Lessons Learned From The Fukushima Daiichi Incident

Scientists and engineers are now taking a second look at the Fukushima Daiichi incident. Every new concern raised tends to create new safety requirements. This ultimately creates contradictions between the rules themselves and the science that those creating the rules referenced in the first place.

Every single death during the Tōhoku-Sendai disaster was caused by something other than ionizing radiation. People comfortably live in areas where natural geological processes create far higher levels of radiation than those measured in the forbidden areas of Fukushima Prefecture.

People living there were actually told they couldn’t return to their homes for potentially many years.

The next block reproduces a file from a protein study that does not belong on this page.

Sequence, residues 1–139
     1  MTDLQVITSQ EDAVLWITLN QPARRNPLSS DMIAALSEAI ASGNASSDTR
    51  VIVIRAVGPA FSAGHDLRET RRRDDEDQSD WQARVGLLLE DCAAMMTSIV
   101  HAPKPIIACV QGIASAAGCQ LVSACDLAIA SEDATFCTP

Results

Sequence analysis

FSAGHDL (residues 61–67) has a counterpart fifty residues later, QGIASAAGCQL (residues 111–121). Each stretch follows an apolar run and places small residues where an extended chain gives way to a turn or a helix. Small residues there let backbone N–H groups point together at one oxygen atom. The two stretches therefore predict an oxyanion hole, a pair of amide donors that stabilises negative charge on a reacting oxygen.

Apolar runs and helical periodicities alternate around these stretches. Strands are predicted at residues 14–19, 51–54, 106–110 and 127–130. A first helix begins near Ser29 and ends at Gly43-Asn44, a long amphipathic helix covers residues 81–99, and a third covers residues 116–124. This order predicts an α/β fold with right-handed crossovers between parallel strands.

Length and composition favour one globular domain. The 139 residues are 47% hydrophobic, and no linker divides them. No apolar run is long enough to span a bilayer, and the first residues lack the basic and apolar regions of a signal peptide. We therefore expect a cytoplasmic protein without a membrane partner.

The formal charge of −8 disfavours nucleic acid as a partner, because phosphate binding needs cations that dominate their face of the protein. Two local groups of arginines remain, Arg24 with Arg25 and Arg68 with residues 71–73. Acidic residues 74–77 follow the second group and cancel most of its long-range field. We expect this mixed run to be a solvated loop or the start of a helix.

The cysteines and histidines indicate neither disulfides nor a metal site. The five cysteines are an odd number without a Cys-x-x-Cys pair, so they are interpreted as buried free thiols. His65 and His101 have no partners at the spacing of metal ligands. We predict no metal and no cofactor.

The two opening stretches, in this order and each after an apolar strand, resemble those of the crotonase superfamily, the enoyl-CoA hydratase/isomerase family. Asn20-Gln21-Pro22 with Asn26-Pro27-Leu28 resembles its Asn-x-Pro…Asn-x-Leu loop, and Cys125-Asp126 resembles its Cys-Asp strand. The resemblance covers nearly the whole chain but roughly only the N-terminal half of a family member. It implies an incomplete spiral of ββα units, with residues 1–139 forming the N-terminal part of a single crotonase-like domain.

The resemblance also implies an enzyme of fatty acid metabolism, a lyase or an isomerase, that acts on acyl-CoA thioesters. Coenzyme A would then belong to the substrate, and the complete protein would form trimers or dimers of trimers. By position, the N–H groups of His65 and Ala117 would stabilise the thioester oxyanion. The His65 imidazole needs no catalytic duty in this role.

Decontamination efforts involve stripping away soil then coating the remaining ground with a material purported to reduce the number of radioactive particles that remain. Many residents have fallen into a deep depression and a few even killed themselves out of fear. This is all in spite of the fact that scientific evidence indicates radiation levels aren’t life-threatening.

These restrictions are based on prudence rather than science, and so ironically these rules have been very destructive. Professor Wade Allison proposed that the radiation limit gets raised nearly 1,000 times for this very reason. Even this level is far below the level at which DNA damage occurs according to a myriad of clinical studies that have been collected over a long period of time.

Some radiation experts are even coming around to this way of thinking, and they’re starting to say that their restrictive rules are hurting the Japanese economy. They’ve also created widespread panic, which has been far more harmful than the radiation itself.

Revoking this draconian measures would go a long way to restoring normalcy. Simply explaining the known facts about ionizing radiation would be a step in the right direction when it comes to educating the public.